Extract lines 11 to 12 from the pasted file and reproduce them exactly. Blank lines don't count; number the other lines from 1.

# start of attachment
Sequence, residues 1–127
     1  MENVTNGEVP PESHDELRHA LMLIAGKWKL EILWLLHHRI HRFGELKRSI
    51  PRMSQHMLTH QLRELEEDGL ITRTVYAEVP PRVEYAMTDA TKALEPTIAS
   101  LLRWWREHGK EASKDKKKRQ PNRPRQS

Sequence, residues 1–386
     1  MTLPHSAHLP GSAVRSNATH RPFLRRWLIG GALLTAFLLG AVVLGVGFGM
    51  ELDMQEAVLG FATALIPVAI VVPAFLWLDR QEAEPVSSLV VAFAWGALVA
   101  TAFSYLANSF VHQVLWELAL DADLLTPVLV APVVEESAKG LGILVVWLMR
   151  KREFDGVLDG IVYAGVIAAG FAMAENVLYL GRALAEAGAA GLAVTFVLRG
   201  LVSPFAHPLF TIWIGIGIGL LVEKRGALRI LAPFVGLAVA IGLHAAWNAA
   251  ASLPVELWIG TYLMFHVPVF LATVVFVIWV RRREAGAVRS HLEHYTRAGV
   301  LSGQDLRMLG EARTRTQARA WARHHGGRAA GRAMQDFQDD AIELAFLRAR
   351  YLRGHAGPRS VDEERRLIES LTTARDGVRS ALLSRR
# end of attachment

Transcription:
   251  ASLPVELWIG TYLMFHVPVF LATVVFVIWV RRREAGAVRS HLEHYTRAGV
   301  LSGQDLRMLG EARTRTQARA WARHHGGRAA GRAMQDFQDD AIELAFLRAR